Tuesday, Nov 25, 2014

Job done but rebuilding continues after Davis Cup win

Yuki Bhambri won both his singles rubbers against Chinese Taipei (PTI) Yuki Bhambri won both his singles rubbers against Chinese Taipei (PTI)
Written by Mihir Vasavda | Indore | Posted: February 3, 2014 2:33 am | Updated: February 3, 2014 7:29 am

 

The celebrations seemed slightly over the top. Multiple victory laps, a special guard of honour for non-playing captain Anand Amritraj, the waving of the tricolor with speakers blaring patriotic songs in the background at the Indore Tennis Club. They did it twice – once after clinching the tie following the doubles win on Saturday and then again after winning both reverse singles completing the 5-0 whitewash of Chinese Taipei on Sunday.

One could mistake it for a famous win in the World Group instead of a victory over a depleted opponent in round one of continental playoffs. It was a small step in that direction, nevertheless. And it showed what it meant to the players.

For long, the Indian Davis Cup team has been a divided house; there has been a lot of bickering within. Not much faith was laid on this young bunch as well. But led by Amritraj and coach-cum-selector Zeeshan Ali, they came up with a clinical win.

It reflected in the way they played and supported each other during the three days of this tie. But this was just the first hurdle that India has crossed en route to regaining the spot in the elite group of top-16 teams. And to qualify for the world group and continue staying there, it will take much more than just healthy team spirit.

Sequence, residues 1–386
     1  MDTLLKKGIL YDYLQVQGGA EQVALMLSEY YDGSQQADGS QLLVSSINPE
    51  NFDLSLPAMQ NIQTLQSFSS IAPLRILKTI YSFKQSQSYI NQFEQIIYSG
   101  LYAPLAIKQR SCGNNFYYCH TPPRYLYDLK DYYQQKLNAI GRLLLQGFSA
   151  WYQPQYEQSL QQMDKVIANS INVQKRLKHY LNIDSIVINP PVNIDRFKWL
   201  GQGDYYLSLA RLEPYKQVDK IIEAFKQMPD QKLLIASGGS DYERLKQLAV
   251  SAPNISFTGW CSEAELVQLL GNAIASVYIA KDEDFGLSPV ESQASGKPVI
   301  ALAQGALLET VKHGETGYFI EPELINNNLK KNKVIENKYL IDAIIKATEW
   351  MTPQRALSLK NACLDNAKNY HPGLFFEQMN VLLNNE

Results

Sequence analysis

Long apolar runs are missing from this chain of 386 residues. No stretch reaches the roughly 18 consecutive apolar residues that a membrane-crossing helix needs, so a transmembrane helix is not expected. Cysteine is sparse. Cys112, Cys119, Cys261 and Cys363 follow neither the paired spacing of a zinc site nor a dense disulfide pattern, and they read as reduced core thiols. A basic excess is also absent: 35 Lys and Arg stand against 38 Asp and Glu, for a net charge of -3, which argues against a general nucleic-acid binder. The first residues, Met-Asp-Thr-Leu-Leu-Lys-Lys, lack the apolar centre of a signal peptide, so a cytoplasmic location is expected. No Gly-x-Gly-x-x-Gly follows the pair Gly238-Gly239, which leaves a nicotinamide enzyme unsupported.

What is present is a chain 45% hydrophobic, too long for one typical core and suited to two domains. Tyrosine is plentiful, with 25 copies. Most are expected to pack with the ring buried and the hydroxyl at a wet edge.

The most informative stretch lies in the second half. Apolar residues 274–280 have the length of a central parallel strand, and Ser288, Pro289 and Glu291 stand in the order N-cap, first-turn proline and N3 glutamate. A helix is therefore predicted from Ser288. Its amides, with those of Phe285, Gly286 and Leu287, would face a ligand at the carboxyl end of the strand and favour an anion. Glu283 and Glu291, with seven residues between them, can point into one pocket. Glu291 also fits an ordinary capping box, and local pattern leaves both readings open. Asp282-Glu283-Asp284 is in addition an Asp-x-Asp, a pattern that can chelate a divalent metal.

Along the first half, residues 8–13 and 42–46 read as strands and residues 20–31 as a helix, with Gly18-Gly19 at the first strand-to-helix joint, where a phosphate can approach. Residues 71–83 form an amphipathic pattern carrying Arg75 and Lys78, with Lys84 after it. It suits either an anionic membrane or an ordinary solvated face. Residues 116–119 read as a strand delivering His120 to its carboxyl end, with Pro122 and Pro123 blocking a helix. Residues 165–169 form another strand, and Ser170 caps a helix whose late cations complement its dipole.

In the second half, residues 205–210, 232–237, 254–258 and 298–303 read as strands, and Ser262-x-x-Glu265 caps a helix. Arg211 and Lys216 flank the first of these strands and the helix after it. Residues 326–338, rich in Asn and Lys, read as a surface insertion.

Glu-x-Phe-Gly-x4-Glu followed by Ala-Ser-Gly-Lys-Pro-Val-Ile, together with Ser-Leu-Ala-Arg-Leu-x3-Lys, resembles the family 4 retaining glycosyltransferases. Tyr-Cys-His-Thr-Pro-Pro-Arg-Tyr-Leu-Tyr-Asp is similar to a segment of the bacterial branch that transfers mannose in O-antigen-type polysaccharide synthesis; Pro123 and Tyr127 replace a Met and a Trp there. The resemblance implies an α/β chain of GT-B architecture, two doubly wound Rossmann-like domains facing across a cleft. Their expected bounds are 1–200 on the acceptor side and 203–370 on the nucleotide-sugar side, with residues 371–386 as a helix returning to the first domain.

Contrary to what the score line suggests, the win against Taipei was hardly the expected cakewalk. Even Ali said they were ‘lucky’ to be 2-0 ahead by the end of first two rubbers. Taipei, without their top two players, exposed India’s shortcomings and almost made it count. Somdev Devvarman would consider himself extremely fortunate to win his tie, which was dragged out over five sets, and the doubles team of Rohan Bopanna and Saketh Myneni too were not convincing. Yuki Bhambri, who braved an injury to win the opening rubber, enhanced his reputation with a ruthless performance in the reverse singles against Hsein-Yin Peng.

Work in progress

This team is still a work in progress. The rebuilding process in the post Lee-Hesh era was always going to be an arduous process. So if anything, the tie against Taipei will be a reassurance for Amritraj and Ali that they are heading in the right direction. Next match against South Korea, where the same team is likely to be retained, will provide a clearer picture. India will enter the tie against the unfancied Koreans as favourites and if they win, they will qualify for the world group playoff, which will be this bunch’s ultimate test.

Former Davis Cupper Vijay Amritraj was bullish about the current crop’s prospects. “We can get to the World Group. The boys are good enough. Yuki played well against (world number 16) Fabio Fognini (during Chennai open). Those kinds of matches give you confidence. He is getting into continued…

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